Events and Fundraisers

This Pilot Leaves Toy Cars Around the World to Spread Awareness About Childhood Cancer

by Erinn Jessop, St. Baldrick's Foundation
May 30, 2018

When Brian flies around the world for UPS, a little piece of Ambassador Brooks comes along on the trip – his favorite toy, Hot Wheels cars. “I think about him every day now,” Brian said of Brooks. Learn about how this pilot and his wife, Natalie, were inspired by Brooks and took to the skies (and the barber’s chair) to fundraise for childhood cancer research in Brooks’ honor.

Brian shaves while holding a sign that reads: Brooks

Brian shaved at the Be Brooks Brave and Shave head-shaving event in Indiana to honor Ambassador Brooks, a local 6-year-old boy who died of brain and spine cancer in 2016. “Unfortunately, we never had the opportunity to meet Brooks, but his story is definitely in our hearts, that’s for sure,” said Brian’s wife, Natalie.

When Brian’s wife, Natalie, first read about Ambassador Brooks on Facebook, she couldn’t get the story out of her head and her heart. He was so young, innocent and healthy looking, but he had pediatric brain cancer. With his dark hair and dark eyes, Brooks reminded Natalie of her own son. 

“It could be anyone,” she said. “What was so scary to me is that it’s not like someone who has smoked a pack of cigarettes a day for their whole lives. He was a child.”

Natalie wanted to do more. That’s when she read about what Brooks’ mom, Tracey, was doing to spread his story – she was hiding his favorite toy, Hot Wheels cars, across the country. Tracey packaged the toys with a copy of a painting that Brooks had made, a summary of his story, a few statistics on kids’ cancer and a link to the Be Brooks Brave Hero Fund.

“I thought, well, this is something that we can do to help because my husband travels,” Natalie said about her husband Brian, who is a pilot for UPS and often flies internationally.

Ambassador Brooks

When Ambassador Brooks was just 5 years old, he was diagnosed with two stage 4, inoperable anaplastic astrocytomas in his brain. A big fan of Hot Wheels and salami sandwiches, Brooks radiated joy and faced his cancer with bravery. Brooks died in May 2016. Remember Brooks by helping kids with cancer — donate to lifesaving childhood cancer research today.

At first, Brian didn’t understand why Natalie was following Brooks’ story so closely, especially when it was breaking her heart.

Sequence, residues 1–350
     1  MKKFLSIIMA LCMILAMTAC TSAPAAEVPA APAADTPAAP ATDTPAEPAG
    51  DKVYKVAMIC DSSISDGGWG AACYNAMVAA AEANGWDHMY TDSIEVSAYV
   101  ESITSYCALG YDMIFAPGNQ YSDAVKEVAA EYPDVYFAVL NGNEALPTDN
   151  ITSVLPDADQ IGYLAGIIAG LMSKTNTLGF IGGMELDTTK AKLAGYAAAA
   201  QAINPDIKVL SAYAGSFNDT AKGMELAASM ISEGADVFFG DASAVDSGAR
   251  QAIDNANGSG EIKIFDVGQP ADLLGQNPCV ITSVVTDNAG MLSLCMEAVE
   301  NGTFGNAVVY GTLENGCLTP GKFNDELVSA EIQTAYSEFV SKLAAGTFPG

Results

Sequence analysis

“I said, ‘Why are you doing this to yourself?’,” Brian recalled. “Then he passed and she asked me to do this Hot Wheels thing. I guess I faced the music that this happens to people. It could happen to me. I just internalized it and thought, ‘Well, if this happened to me, I’d appreciate it if my fellow citizens did something like this.'”

“Brooks faced adversity with a “faith over fear” attitude and was brave beyond his years,” said Brooks’ mom, Tracey. Read more about how Tracey spreads joy and hope in memory of her son >

And that’s where it all began.

Henry and a Brooks Hot Wheels car at a Major League Baseball game

Brian, Natalie and the kids have left ‘Brooksy’ cars (as the kids call them) everywhere from Philadelphia to Indianapolis to Miller Park in Milwaukee, where their oldest son, Henry, is proudly standing next to one of the Hot Wheels they left for a lucky baseball fan. Wherever they travel, the kids will ask to bring a few Hot Wheels along. “It seems like whenever we do something family-oriented, we always include Brooks and we take a car,” Natalie said.

First, Brian dropped Hot Wheels at a park in Incheon, near Seoul, South Korea. Then he hid some in a cathedral in Cologne, Germany. A colleague took a few cars and hid them around London, England. Then Brian left about a dozen in a box in Louisville, Kentucky, at an office where the pilots and crews gather to complete paperwork and mingle during their nightly travels.

Brian included a sign with a photo of Brooks’ family and a summary of his story, plus a note encouraging pilots to bring them along on their trips within the United States. (Brian figures that more donations are likely to come from domestic sources, rather than international ones.)

Earlier this month, Brian took his efforts to the next level. He decided to shave at the Be Brooks Brave and Shave St. Baldrick’s head-shaving event, held on May 19, days before the two-year anniversary of Brooks’ death.

“To this day, sometimes I sit there and I look at my own kids and just imagine if that happened to them,” Brian said. “That’s why I’m doing it.”

Brian and Natalie with their boys

Brian, Natalie and their boys smile proudly (and baldly) after Brian’s shave with St. Baldrick’s.

Reaching out to his colleagues in the airline industry, friends and relatives, Brian raised $1,000 in just a week. All in all, he blew past his goal to raise nearly $6,000 for kids’ cancer research, all in honor of Brooks – so kids with cancer like him can get the better treatments and cures they need to survive and thrive.

“I know that no child did anything to bring cancer onto themselves,” Brian said. “And I know that they deserve more than what they are getting.”

Help find childhood cancer cures today. Donate to the Be Brooks Brave St. Baldrick’s Hero Fund and fund lifesaving kids’ cancer research.

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